Benign Paroxysmal Positional Vertigo (BPPV)

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BPPV or Benign Paroxysmal Positional Vertigo is a condition affecting the inner ear leading to vertigo or intense dizziness. It is more commonly seen in older people. It is named so because of the characteristic symptoms associated. It is believed that 2.4% of all people suffer from this type of vertigo.

Vertigo inner ear

Causes of Benign Paroxysmal Positional Vertigo

BPPV is caused when one or more minute particles called otoconia float in the fluid of the inner ear labyrinth. These particles are composed of calcium carbonate crystals that break off from the vestibular lining of the labyrinth. Since the inner ear is that part of body which is responsible for equilibrium and balance against gravity, any disturbance may lead to imbalance in the body causing dizziness or vertigo. It is when a person moves his/her head; these otoconia enters into one of the semicircular canals that may result in imbalance of the body.

This condition affects the posterior canal the most. These fragments get carried away with the flow of fluid on moving the head. The movement of these particles and disturbs the normal functioning of the vestibular nerve in the ear. The formation of otoconia in ear occurs mostly due to an injury or infection in the ear. It is a common symptom of old age especially in those above 40 years of age.

What causes Vertigo?

Types of Benign Paroxysmal Positional Vertigo

BPPV is categorized into 2 subtypes on the basis of involvement of the specific semicircular canal and on the basis of attachment of the otoconia. If these otoconia are freely floating within any of these affected canals, it is called canalithiasis and if these are attached to cupula of the ear, it is known as cupulothiasis.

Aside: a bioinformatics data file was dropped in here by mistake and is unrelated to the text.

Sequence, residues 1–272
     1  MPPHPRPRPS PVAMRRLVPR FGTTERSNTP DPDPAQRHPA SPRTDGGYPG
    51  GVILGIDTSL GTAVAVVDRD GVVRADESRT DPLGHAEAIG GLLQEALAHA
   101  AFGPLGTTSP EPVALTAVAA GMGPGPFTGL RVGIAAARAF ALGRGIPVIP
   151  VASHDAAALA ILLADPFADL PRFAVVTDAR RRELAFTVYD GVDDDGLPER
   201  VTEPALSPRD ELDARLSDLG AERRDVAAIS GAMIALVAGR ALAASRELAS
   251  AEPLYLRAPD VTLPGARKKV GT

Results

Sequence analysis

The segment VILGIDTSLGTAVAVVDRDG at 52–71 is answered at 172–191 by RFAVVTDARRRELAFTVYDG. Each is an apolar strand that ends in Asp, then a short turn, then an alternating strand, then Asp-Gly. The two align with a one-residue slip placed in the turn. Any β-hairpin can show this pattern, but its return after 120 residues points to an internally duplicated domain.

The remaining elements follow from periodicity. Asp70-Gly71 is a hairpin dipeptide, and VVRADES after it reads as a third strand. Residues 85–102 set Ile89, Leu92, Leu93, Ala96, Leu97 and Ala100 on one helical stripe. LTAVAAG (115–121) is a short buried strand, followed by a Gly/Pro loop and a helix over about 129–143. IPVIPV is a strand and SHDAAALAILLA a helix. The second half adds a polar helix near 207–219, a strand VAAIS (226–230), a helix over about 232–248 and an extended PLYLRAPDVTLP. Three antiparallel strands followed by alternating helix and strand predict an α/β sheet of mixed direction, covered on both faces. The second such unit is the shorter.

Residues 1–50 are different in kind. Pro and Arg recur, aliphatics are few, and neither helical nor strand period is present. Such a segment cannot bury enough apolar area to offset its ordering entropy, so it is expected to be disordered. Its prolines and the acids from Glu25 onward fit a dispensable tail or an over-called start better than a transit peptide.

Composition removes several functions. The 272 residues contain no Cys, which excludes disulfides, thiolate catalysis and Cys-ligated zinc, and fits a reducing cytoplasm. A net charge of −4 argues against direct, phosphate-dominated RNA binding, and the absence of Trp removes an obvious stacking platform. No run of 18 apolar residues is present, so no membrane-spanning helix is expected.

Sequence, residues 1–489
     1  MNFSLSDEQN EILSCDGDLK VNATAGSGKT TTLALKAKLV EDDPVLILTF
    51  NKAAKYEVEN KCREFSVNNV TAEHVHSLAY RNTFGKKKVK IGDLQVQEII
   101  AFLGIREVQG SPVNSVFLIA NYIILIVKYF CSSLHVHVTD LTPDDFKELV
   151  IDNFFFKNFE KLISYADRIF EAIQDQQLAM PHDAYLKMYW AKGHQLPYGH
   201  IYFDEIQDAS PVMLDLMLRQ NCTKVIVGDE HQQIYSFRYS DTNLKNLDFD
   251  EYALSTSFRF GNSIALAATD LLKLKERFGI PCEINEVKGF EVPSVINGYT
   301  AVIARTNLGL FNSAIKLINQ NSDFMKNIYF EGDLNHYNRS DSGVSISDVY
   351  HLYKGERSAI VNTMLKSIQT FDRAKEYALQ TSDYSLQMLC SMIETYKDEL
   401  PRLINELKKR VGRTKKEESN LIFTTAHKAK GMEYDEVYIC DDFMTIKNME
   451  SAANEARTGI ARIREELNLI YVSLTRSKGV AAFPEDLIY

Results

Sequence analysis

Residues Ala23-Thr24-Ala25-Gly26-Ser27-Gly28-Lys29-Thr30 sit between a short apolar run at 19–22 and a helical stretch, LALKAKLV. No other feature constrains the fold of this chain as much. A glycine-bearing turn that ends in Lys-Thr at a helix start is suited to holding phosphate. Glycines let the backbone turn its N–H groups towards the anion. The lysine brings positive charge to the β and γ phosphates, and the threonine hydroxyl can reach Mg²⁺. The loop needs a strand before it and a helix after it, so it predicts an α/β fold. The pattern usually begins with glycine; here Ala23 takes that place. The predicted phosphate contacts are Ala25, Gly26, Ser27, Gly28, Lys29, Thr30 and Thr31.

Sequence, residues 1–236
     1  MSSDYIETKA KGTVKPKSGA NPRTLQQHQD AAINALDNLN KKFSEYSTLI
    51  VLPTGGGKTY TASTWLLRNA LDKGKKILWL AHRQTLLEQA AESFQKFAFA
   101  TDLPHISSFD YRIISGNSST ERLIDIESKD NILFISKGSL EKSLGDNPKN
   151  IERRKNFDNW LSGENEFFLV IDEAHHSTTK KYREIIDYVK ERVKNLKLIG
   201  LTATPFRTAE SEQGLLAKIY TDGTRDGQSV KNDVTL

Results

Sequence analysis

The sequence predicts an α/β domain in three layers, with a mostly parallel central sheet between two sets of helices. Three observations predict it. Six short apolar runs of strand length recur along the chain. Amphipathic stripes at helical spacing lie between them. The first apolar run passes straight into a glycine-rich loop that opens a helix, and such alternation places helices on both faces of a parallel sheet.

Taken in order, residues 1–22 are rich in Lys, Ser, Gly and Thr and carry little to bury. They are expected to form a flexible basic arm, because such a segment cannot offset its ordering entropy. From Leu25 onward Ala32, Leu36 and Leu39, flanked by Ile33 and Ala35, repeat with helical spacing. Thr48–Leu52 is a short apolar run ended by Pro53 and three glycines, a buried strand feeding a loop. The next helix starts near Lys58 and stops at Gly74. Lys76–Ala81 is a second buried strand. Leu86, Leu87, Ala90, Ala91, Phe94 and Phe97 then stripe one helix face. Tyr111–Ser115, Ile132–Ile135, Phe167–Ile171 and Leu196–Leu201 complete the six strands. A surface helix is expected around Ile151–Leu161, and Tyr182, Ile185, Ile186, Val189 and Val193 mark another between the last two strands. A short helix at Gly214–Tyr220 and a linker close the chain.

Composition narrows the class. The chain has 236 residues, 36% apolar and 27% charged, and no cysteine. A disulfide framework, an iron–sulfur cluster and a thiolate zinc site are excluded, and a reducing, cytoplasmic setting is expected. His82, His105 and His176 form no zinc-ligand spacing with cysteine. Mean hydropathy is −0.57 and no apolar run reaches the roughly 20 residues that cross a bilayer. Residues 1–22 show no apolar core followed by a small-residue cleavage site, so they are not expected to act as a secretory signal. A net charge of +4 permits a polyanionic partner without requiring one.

Symptoms of Benign Paroxysmal Positional Vertigo

One of the major symptoms of BPPV is vertigo. Other symptoms include:

  • Dizziness
  • Imbalance of the body
  • Difficulty in concentrating over work
  • Nausea
  • Difficulty in various head movements like looking up, getting out of the bed, rolling over while sleeping which occur when the posterior semicircular canal is involved.

These symptoms are triggered on changing the head’s position with respect to gravity.

Diagnosis of Benign Paroxysmal Positional Vertigo

Various methods of diagnosing BPPV include:

  • History taking from the patients
  • Physical examination

By conducting various vestibular as well as auditory tests including the Supine Roll test as well as Dix-Hallpike maneuvers.

During these tests, the physician observes the nystagmus stimulated in response to movement of head. Electronystagmography (ENG) and Frenzel goggles may be used to observe nystagmus in relation to change of position.

The physician may even advice MRI or magnetic resonance imaging to differentially diagnose BPPV from other problems like stroke, brain tumor, Meniere’s disease or labyrinthitis that may lead to vertigo as well.

Treatment for Benign Paroxysmal Positional Vertigo

BPPV can be treated through various particle repositioning maneuvers to move back the displaced particles from the semicircular canals. These head maneuvers employ a series of movements of head as well as trunk for nearly 15 minutes under the supervision of your physician. Some of the maneuvers include:

  • Canalith repositioning procedure or CRP
  • The Semont maneuver and the reverse sermont maneuver
  • The Gufoni maneuver
  • The Vannucchi-Asprella liberatory maneuver
  • The Lempert maneuver
  • Deep Dix-Hallpike maneuver
  • The reverse Epley maneuver

Besides the above clinical maneuvers, there are other methods of treatment including medications, home rehabilitative exercises and surgery.

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